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How FS architects can prepare for the post-Covid future

COVID has forced us to adjust fundamental aspects of our lives with little warning and against a background of anxiety and uncertainty. However, while they test us, such dislocative events can also foster innovation and unlock opportunities.

Whether their focus is enterprise-wide, solutions-oriented, strategic or technical, the role of the architect in modern delivery projects is to thrive in the face of change, whether incremental or more abrupt. Modern architectures, design thinking, and ways of working are key success factors for each and any digital transformation journey. Modern architecture is about enabling your IT landscape to evolve iteratively, managing change holistically, and stimulating innovation.

The impact of remote working on the modern architect has been far greater than merely redefining the ways that language, messaging, diagrams, and concepts are packaged and communicated. Agile has already forced that transformation to happen. ‘Just in time’ architecture cultivated by new ways of working has already been adopted by our architects and continues to be embraced. Their role as facilitator and influencer has already evolved.  Now it is time for soft skills to be redefined.

How can architects prepare for future changes?

  1. Get cloud architecture right: The pandemic has (once again) highlighted the importance of a diligent and careful approach when architecting for cloud-based systems. It is preferable to embrace a host of models, patterns, and services rather than focusing solely on the public cloud. A highly scalable, dynamic, and extensible architecture – largely based on the same principles, no matter if ‘on-prem’, hybrid, or using its public version – is ideal. At Capco, we advocate laying down patterned code that is agnostic of infrastructure topology. Well-defined interfaces and standard protocols, complemented with a comprehensive DevOps pipeline, will allow a quick and reliable response to change.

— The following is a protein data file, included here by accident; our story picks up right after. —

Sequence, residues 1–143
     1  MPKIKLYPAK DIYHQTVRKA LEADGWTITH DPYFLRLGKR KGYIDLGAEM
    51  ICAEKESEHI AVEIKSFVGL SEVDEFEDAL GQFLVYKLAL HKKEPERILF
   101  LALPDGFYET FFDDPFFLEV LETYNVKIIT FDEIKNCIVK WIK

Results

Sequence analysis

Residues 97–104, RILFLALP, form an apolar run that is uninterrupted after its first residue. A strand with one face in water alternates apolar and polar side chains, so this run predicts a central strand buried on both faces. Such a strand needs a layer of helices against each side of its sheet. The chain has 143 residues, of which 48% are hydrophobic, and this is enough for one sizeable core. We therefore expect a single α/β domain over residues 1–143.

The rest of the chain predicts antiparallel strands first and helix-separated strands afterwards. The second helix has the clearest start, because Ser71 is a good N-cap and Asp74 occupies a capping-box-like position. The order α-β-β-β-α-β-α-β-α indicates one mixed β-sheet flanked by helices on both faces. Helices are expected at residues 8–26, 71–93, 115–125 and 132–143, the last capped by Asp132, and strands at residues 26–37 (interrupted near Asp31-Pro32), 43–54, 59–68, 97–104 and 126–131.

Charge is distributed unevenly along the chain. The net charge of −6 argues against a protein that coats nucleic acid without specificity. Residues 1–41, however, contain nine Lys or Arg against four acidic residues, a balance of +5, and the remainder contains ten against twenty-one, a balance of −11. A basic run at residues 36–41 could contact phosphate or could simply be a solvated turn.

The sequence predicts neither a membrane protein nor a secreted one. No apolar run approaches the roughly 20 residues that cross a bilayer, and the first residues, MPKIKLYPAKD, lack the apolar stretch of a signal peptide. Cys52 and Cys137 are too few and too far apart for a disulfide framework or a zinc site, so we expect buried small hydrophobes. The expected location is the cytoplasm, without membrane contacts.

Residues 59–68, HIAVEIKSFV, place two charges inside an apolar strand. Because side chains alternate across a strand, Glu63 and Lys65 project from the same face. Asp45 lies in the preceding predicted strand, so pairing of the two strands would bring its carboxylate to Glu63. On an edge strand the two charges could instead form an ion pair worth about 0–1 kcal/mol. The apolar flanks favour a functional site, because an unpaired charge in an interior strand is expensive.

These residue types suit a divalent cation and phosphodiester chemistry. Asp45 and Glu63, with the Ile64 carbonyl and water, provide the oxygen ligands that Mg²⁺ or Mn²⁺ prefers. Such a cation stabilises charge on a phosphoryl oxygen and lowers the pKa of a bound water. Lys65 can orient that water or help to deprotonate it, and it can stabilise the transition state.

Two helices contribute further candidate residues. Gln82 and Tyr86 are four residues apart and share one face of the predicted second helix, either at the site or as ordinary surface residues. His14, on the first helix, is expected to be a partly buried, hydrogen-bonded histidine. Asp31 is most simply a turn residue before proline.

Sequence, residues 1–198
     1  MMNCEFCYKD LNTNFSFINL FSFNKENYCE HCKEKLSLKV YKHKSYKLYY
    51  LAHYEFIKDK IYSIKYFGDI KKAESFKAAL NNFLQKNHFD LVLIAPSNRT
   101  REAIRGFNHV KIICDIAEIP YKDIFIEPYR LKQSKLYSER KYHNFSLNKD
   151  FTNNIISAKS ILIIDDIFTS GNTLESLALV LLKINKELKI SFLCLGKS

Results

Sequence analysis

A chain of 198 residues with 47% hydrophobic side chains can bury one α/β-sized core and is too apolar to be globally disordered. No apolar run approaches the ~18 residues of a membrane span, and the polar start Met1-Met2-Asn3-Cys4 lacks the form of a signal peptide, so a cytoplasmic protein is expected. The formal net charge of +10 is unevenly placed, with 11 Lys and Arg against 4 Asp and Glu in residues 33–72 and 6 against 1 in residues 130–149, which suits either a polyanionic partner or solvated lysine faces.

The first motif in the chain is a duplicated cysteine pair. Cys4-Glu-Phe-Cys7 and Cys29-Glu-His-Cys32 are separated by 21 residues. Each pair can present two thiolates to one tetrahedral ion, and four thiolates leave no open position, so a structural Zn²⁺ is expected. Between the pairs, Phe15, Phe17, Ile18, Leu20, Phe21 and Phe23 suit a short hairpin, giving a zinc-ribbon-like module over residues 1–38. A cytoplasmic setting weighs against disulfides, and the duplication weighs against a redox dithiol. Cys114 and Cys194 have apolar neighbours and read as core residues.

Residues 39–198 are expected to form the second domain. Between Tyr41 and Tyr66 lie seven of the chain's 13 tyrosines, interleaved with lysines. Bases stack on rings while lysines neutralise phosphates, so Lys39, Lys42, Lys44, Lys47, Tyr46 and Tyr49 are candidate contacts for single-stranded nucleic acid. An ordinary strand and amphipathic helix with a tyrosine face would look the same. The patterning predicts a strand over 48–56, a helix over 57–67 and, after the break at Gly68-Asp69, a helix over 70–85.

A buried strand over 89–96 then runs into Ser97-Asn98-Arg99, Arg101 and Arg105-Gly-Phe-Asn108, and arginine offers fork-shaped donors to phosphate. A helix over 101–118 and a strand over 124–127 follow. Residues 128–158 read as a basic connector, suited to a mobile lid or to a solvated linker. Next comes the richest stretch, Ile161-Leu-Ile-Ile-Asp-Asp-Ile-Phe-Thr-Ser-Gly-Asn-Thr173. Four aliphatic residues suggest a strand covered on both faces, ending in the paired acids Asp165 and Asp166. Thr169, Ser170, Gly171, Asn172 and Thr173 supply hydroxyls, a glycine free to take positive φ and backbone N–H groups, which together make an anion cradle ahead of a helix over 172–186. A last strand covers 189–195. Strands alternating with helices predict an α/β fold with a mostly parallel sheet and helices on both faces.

2. Modernize applications: When it comes to ‘demonolithing’ legacy applications (such as a traditional client/server), an architect not only needs to have a deep grasp of both the new patterns and the legacy approach at all levels – logic, rules, and data. These elements will form the new services, with a view to establishing a fast-changing, scaling, and descaling ecosystem that adapts dynamically to meet demand.
  3. Harvest the power of data: Beyond the super-computing power provided by the cloud, there is a need to address current data architecture concerns. Integrate siloed systems and normalize data access; and while maintaining a focus on security and privacy, redesign data architectures to allow moderated and controlled data mining. Looking forward, data will be generated on a whole new scale and will consequently require enhanced business intelligence and analytics.
  4. Evolve their own core skills: The modern architect also has to keep up with the ongoing proliferation of architectural styles (microkernel, layered, n-tier, event-driven, microservices, space-based, serverless), as well as the plethora of new languages, cloud native architectures, data architectures and security architectures. Last but not least, architects should be embedding themself within development teams and identifying and championing change.

The path forward

The lessons of history are instructive. For instance, the deregulation of UK markets ushered in by the ‘Big Bang’ of 1986 prompted a fundamental change in working and professional practices. It required a plethora of technology-backed support mechanisms to be architected and developed to facilitate a seismic transformation. Crucially, it also triggered a change in the consulting architect’s language and toolset, and a variety of enterprise architecture frameworks were born during this decade: PRISM (1986), Zachman (1987) and NIST (1989).

We now find ourselves in a similar scenario, one that is at once immensely dislocative yet also rich with potential. As Albert Einstein noted: “In the middle of difficulty, lies opportunity”. History has shown that there is always a winning path. By continuously and holistically assessing the readiness of your architecture to accommodate change, you will be better placed to identify that path – and in that context, modern architecture has a primary role to play in defining the future.

 

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